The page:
By Howard Fischer
Capitol Media Services
PHOENIX -- Acknowledging a disparity, the state's top health official said efforts are underway to get more vaccines into the arms of more members of minority and underserved communities.
Dr. Cara Christ said Friday there are targeted outreach efforts to get the message out to these groups about the availability of inoculations.
At the same time, the state is working with members of various groups to build confidence in the vaccine.
The numbers show some notable differences.
According to the most recent Census data, 4.5% of Arizona's population is Black. But just 1.4% of the nearly 1.1 million doses have gone to that group.
And Hispanics have gotten 8.2% of vaccines administered compared to more than 31% of the population.
Christ said it's no surprise that race and ethnicity data does not mirror the general population. She said much of this is the result of the fact that the first people to get inoculated were people with specific occupations, including health care workers.
That, Christ said, should resolve itself.
"As we get further into our essential workers and the general population and adults with medical conditions, what we're hoping to see is the groups that have high risks or more vulnerability, you will see those numbers come up,'' she said.
Still, she conceded, that's only part of the issue.
Christ said for some people it's a matter of transportation. So she said efforts are being made to connect individuals with a way of getting to sites.
For example, she said, the Arizona Health Care Cost Containment System, the state's Medicaid program, provides non-emergency transportation. And Christ said community groups are working with rideshare companies, with the idea of arranging rides at the time an appointment is booked.
The state also is on the cusp of having the vaccine available at more sites, including pharmacies at several grocery chains. That minimizes the need to go to one of those drive-thru locations.
And her agency also finally plans to put its online appointment website into Spanish this coming week.
But some of this may remain an unknown, as more than 36% of those who have been vaccinated have not identified themselves by race and ethnicity. And Christ said while those signing people up encourage them to provide that information, there is no requirement.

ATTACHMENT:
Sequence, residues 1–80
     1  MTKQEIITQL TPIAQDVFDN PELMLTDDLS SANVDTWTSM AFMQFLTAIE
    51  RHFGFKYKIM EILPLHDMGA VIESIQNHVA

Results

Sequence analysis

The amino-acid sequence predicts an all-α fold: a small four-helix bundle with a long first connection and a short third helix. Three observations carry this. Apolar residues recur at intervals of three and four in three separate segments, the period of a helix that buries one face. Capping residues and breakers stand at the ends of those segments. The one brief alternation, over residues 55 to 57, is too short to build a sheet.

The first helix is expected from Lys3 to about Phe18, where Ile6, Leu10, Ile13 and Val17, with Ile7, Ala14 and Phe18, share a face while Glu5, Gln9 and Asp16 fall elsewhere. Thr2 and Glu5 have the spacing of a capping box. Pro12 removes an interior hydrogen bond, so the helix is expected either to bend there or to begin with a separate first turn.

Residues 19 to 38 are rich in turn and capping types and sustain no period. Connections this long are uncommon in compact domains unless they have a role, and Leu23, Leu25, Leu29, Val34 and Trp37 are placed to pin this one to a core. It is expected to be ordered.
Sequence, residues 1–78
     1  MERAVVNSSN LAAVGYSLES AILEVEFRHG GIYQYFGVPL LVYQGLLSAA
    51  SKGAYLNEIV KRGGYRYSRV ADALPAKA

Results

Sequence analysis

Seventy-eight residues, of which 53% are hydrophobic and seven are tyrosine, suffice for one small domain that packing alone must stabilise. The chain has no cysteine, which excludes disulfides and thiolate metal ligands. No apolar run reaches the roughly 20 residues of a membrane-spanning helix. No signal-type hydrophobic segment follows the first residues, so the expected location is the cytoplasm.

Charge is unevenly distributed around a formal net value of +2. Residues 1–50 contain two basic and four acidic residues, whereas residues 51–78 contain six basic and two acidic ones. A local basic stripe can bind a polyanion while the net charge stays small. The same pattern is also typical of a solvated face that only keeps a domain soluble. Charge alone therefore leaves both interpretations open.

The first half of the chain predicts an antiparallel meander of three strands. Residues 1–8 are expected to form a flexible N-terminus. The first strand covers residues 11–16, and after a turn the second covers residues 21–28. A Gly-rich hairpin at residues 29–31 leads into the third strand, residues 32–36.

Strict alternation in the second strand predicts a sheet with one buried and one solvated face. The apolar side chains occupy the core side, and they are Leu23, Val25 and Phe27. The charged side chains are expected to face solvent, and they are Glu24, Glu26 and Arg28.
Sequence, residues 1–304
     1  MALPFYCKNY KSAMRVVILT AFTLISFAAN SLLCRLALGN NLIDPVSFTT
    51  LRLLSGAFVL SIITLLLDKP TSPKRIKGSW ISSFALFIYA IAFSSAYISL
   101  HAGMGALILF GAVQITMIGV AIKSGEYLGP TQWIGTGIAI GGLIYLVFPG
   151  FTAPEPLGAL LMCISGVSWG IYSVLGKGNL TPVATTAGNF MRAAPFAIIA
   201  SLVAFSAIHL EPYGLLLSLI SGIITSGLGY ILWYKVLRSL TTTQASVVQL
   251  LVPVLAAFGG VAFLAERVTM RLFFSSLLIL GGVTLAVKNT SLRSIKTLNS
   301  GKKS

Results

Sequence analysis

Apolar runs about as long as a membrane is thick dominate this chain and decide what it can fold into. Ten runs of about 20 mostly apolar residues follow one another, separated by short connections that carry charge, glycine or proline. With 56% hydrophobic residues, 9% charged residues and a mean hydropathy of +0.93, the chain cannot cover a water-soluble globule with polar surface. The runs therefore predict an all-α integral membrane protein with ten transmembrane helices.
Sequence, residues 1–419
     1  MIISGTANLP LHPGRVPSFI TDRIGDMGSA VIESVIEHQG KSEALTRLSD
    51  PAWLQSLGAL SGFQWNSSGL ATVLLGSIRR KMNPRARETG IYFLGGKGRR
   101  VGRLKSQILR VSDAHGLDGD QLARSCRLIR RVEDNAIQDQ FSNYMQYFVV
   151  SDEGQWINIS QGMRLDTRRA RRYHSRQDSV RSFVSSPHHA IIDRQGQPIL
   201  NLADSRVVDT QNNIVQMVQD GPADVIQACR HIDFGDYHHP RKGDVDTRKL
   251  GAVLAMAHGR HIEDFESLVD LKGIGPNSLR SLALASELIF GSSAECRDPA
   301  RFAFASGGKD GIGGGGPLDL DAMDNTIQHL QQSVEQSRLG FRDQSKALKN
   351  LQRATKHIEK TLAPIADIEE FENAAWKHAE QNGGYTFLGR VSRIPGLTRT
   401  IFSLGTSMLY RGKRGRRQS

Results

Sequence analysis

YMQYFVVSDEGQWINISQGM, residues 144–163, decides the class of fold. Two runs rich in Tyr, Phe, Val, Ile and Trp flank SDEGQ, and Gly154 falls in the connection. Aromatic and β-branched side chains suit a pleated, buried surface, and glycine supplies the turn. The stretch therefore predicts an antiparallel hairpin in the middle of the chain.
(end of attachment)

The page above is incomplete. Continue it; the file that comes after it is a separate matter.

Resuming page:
In a wide-ranging briefing Friday, Christ also said:
- Nearly 1.1 million doses already have been administered, including more than 883,000 individuals who have received the first of the two-dose regimen;
- While the state has asked for more, she anticipates Arizona will be getting only about 170,000 new doses a week through the end of March;
- She remains confident the current vaccines are effective against new strains but said the fact they spread more easily underlines the need for people to get inoculated.
And she said that having the state take over the site at the University of Arizona will result in an initial drop in the number of doses available to other providers in the county. But Christ said she anticipates that will be only a temporary situation.
"What we're going to be doing is working to expand some hours,'' she said, by an hour through the "soft launch'' this weekend and by four to five hours on Monday.
"We don't have enough vaccine for them to go 24/7,'' Christ continued. "But eventually what we are hoping will happen is we will start getting enough vaccine where we can give them and Pima County more vaccine.''
Now the question in Pima and elsewhere becomes convincing people to get inoculated.
Medical experts are unsure what percentage it will take to achieve "herd immunity,'' the point at which the risk of rapid spread of COVID-19 is significantly reduced because people either have been vaccinated or who have had the disease and built up antibodies. It seems to vary by disease, with polio in the 80% range and measles at 95%.
Arizona is far from that point. Right now, only about 10% of Arizonans have gotten at least one dose.
That provides some level of protection. But with the Pfizer and Moderna vaccines -- the only ones now available -- it takes two doses, separated by several weeks, to provide a high level of immunity.
Christ figures the state is averaging about 215,000 doses a week.
At that rate, she said, the state could get to 20% in four weeks and 30% in eight weeks.
And a vaccine for everyone who wants one?
"We're hoping by the summer we should be in Phase 3, which is where there's enough supply to meet the demand,'' Christ said.
The health director said the most recent polling shows about 63% of those questioned say the intend to get the vaccine when it becomes available. She called that "promising,'' saying that is likely to increase as more people get inoculated and they share their experiences with others.
Still, Christ said, there will be people that don't want it, even as the federal government continues to allocate based on population.
"So we'll have excess excess supply,'' she said.
Christ also said there are "promising things on the horizon.''
One is that Johnson & Johnson will get a hearing toward the end of the month on that company's bid to have its own vaccine certified for emergency use.
"That should hopefully make that vaccine, which is a one-dose vaccine, available by the beginning of March,'' Christ said. "And it will be a wonderful resource for us to get into those hard-to-reach and vulnerable communities if we only need to vaccinate them one time.''
That plan, she said, includes targeting high-risk zip codes to get the word out.
"We will continue to expand that and work with our local public health departments to make sure that we are messaging messages that are culturally competent, that resonate with those communities, and working through those communities to build trust,'' Christ said.
That will be combined with community-based inoculation centers "so that they don't need to travel.''